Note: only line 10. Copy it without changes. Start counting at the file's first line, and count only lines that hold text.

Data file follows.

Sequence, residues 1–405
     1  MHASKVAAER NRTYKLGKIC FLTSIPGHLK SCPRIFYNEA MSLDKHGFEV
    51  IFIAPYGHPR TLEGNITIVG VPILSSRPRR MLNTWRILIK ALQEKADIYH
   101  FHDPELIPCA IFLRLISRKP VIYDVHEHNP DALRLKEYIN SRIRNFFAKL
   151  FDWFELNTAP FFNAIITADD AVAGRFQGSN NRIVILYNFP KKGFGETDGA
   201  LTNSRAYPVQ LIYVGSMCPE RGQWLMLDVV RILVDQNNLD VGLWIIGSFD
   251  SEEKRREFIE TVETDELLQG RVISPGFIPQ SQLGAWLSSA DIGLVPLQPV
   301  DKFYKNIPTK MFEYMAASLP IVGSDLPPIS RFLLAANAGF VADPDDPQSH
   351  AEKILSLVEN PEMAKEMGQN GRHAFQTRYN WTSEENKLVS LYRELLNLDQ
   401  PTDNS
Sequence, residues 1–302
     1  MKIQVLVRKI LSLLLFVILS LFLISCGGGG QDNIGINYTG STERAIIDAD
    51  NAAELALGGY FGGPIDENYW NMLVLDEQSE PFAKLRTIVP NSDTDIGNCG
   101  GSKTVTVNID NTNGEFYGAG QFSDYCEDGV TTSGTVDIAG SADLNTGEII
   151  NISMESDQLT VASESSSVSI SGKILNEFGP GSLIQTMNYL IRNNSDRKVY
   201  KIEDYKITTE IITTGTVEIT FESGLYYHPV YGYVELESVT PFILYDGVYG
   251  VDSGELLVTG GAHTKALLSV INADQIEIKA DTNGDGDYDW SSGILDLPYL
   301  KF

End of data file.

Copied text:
   401  PTDNS